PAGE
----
Find all real solutions of the equation (x^2-7x+11)^(x^2-11x+30) = 1.

Show that x = 1 is a solution of the equation x^(3/2) - 8x^(-3/2) = 7 and find all other solutions.

By proving these particular identities, prove the existence of general cases.

Suppose A always beats B and B always beats C, then would you expect A to beat C? Not always! What seems obvious is not always true. Results always need to be proved in mathematics.

Take a number, add its digits then multiply the digits together, then multiply these two results. If you get the same number it is an SP number.

Peter Zimmerman, a Year 13 student at Mill Hill County High School in Barnet, London wrote this account of modulus arithmetic.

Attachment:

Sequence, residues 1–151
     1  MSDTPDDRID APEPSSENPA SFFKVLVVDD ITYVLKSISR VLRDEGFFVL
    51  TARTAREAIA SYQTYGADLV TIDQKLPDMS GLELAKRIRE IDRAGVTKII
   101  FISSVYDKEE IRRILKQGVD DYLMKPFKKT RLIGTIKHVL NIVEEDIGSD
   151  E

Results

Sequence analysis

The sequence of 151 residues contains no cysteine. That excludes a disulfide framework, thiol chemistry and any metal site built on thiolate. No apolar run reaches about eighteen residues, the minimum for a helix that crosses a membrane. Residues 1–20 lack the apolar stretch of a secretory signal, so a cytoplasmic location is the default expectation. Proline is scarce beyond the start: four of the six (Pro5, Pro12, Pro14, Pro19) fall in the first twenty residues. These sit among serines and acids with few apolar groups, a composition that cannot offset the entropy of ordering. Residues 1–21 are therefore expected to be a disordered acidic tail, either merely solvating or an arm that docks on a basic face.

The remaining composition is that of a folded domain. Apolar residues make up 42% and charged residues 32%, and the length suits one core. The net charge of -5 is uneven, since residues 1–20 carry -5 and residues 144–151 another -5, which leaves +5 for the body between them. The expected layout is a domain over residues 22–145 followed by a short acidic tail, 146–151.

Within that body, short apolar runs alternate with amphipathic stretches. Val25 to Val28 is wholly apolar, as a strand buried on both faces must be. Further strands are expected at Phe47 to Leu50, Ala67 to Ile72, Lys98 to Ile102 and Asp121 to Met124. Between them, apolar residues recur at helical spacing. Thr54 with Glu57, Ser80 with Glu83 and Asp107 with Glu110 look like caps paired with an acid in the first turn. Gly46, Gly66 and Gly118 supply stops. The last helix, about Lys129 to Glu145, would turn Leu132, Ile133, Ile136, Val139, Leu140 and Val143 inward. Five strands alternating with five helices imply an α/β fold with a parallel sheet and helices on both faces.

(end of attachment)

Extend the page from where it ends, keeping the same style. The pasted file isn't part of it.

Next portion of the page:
An account of methods for finding whether or not a number can be written as the sum of two or more squares or as the sum orf two or more cubes.

Peter Zimmerman from Mill Hill County High School in Barnet, London gives a neat proof that: 5^(2n+1) + 11^(2n+1) + 17^(2n+1) is divisible by 33 for every non negative integer n.

The country Sixtania prints postage stamps with only three values 6 lucres, 10 lucres and 15 lucres (where the currency is in lucres).Which values cannot be made up with combinations of these postage. . . .

Prove that you cannot form a Magic W with a total of 12 or less or with a with a total of 18 or more.

Find all positive integers a and b for which the two equations: x^2-ax+b = 0 and x^2-bx+a = 0 both have positive integer solutions.

We continue the discussion given in Euclid's Algorithm I, and here we shall discover when an equation of the form ax+by=c has no solutions, and when it has infinitely many solutions.